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Dog gone it, quit pestering me about a pet

Submitted by on Friday, 3 April 2009 5 Comments

img_2174It’s been Big Guy’s most-repeated plea for five years, ever since he learned to say “goggy” and used the word to describe everything on four legs, from cats to horses.

“When can we have a dog?”

It’s been easy to come up with excuses for saying “no” to that one.

  • When Boots gets old enough to not chew on its tail.
  • When you realize that, unlike your stuffed animals, it hurts a real dog when you throw it in the air or dance on it.
  • When you’re old enough to feed, clean and walk it, because I have all I can handle keeping the two-legged beings fed, cleaned and walked around here.

I could just say “Ask Dad,” but that’s a calculated risk. If his urges to give the guys whatever they want overrides his hostility to animals in the house, I could wind up sleeping with a St. Bernard. And the bed’s already way more crowded some nights than it should be.

For about the past couple years, I’ve also been able to use the “Boots is afraid” rationalization. A neighbor’s big ugly dog nipped him on the shoulder when he could barely toddle, so he has been a bit freaked out since.

Ay, but that’s all changed now and I’m running out of excuses. Thanks a lot, Leeloo.

Leeloo is a shitzhu – a word that used to make me want to say “bless you” or express sympathy for gastrointestinal problems when someone said they had it – who came to live with friends of ours around Christmas.

She’s a tiny little thing with tiny little teeth, though Boots still howls mightily if she nips at him. She’s still a puppy, so she’s prone to do that at times. When she’s not running after someone in hopes of enticing them to play, she’s pirouetting on her back legs like a tiny little ballerina. When she wears herself out, she’ll curl on your lap and look up with those tiny little “love me” eyes.

She’s near perfect from the adult perspective, too. Tiny little dog means tiny little, er, output. That’s an asset because I’m lousy at potty training dogs and humans. She wouldn’t take up much room in the bed, either, when she inevitably crowds in.

She’s also gotten Boots past his fear of dogs, and for that I will be eternally grateful.

I just don’t want one of her in the house yet. Someday, though, when the guys are capable of feeding, cleaning and walking her …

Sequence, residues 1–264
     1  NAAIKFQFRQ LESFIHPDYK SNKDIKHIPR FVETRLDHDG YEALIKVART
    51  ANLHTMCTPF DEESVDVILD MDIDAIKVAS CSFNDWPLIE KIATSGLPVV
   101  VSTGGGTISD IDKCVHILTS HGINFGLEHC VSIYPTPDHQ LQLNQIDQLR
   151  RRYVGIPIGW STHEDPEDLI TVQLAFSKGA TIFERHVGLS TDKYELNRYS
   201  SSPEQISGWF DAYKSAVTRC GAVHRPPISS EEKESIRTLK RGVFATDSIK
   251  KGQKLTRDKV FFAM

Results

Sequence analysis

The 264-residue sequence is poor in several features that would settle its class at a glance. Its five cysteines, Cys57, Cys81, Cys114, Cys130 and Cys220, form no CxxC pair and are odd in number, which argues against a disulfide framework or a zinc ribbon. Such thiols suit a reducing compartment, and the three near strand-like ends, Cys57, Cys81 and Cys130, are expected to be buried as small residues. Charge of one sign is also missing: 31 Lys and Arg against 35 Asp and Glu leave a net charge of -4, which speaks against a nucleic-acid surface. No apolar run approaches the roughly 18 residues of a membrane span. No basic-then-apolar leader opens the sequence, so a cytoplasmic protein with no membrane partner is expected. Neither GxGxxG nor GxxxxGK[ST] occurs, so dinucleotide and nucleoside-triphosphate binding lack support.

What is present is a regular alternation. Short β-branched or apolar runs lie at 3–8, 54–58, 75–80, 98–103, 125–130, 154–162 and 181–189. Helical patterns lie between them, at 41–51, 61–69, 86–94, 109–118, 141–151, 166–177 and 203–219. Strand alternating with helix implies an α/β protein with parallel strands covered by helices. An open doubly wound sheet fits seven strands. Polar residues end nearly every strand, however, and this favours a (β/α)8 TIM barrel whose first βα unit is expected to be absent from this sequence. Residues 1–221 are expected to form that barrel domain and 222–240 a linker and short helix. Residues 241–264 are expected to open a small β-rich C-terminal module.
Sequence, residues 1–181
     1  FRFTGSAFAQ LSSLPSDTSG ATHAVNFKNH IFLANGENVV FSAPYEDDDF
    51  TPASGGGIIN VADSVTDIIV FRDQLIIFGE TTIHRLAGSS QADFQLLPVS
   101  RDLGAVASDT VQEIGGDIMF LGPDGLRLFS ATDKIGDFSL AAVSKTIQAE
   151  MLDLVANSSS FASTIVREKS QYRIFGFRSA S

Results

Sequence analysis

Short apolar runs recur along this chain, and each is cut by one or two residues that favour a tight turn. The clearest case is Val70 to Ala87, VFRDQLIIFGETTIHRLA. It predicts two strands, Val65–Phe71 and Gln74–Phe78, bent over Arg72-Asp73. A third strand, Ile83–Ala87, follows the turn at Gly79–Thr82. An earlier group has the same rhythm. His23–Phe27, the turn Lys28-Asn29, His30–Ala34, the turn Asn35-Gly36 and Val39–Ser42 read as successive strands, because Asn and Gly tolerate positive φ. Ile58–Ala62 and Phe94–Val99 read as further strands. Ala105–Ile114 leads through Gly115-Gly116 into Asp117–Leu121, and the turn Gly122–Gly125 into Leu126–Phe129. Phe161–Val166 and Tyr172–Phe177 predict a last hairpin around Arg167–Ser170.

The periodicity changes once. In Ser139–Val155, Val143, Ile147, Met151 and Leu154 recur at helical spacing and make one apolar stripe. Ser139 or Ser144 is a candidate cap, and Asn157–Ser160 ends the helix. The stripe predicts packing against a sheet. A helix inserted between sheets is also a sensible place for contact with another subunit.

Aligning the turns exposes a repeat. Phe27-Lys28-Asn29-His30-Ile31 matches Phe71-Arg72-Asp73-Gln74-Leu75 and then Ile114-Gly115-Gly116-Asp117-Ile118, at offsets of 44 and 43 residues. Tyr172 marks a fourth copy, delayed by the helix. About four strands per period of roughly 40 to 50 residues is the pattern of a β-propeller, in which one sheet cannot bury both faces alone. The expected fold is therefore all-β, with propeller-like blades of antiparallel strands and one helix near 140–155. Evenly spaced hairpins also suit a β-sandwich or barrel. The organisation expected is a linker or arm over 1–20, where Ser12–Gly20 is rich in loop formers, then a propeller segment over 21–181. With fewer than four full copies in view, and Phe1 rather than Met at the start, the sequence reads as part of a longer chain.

Copyright 2009 Debra Legg. All rights reserved.

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  • Reno Martin said:

    Cute! I love dogs. One just passed away at 12 yrs of age. We still have two but would like another similar to Mikki, our recently passed dog. Go for it!

  • Rob Miracle said:

    A couple of thoughts. I love dogs and desperately want one. My wife does not so thats the end of that. Though I want one, I do not want to go through puppy stage again and secondly, we really can’t care for one now (no one to walk it during the day). Dog’s are fantastic once they get out of the puppy stage but it does fall on the parents to care for them. Its much better to occasional rent one. Perhaps you could “sit” for one occasionally to take care of the need without full adoption.

    The second thought isn’t about dogs as it is kids playing the parents against each other. Sherry and I decided that we have one firm rule: The kids have to ask both parents together and “one “no” means “no”.” “Whatever Mom says” or “Whatever Dad says” is a “yes” in this scheme since the parent is defaulting to the other.

    “What did mom say?” “No” “Then why are you asking me, you have the answer.”

    It pretty much raised to boys until they moved out.

    Our other system involves a voting scheme where Mom always wins.

    Each male bi-ped in the house gets 1 vote per year of existence. Mom gets 2 votes per year. It will be another 2-3 years before we catch her votes and hopefully by then the boys will be well on their own. You should consider adopting this rule.

  • Debra said:

    Rob, as the lone female bi-ped in this house, I LOVE that voting system. I’m a bit older than Dad, so that gives me an even bigger boost. The fact that I was 10 years older than dirt when I started having kids means the guys likely will never catch up.

    I think I’ll arbitrarily implement that rule today — using my Mom vote super powers to override any objections.

    And Dad, with an uncanny ability to sense a guy trap unless he’s in Toys R Us, is actually pretty good about checking to see if he’s being scammed. The ability also fails him when it comes to Pepsi or other junk food.

  • Debra said:

    Reno, a late lamented wonder dog also is part of my problem. She’s been gone for five and a half years but I’d had her for 14 and she was such a paragon of a pooch that I still have trouble thinking about another.

    But I know that one day I’ll cave …

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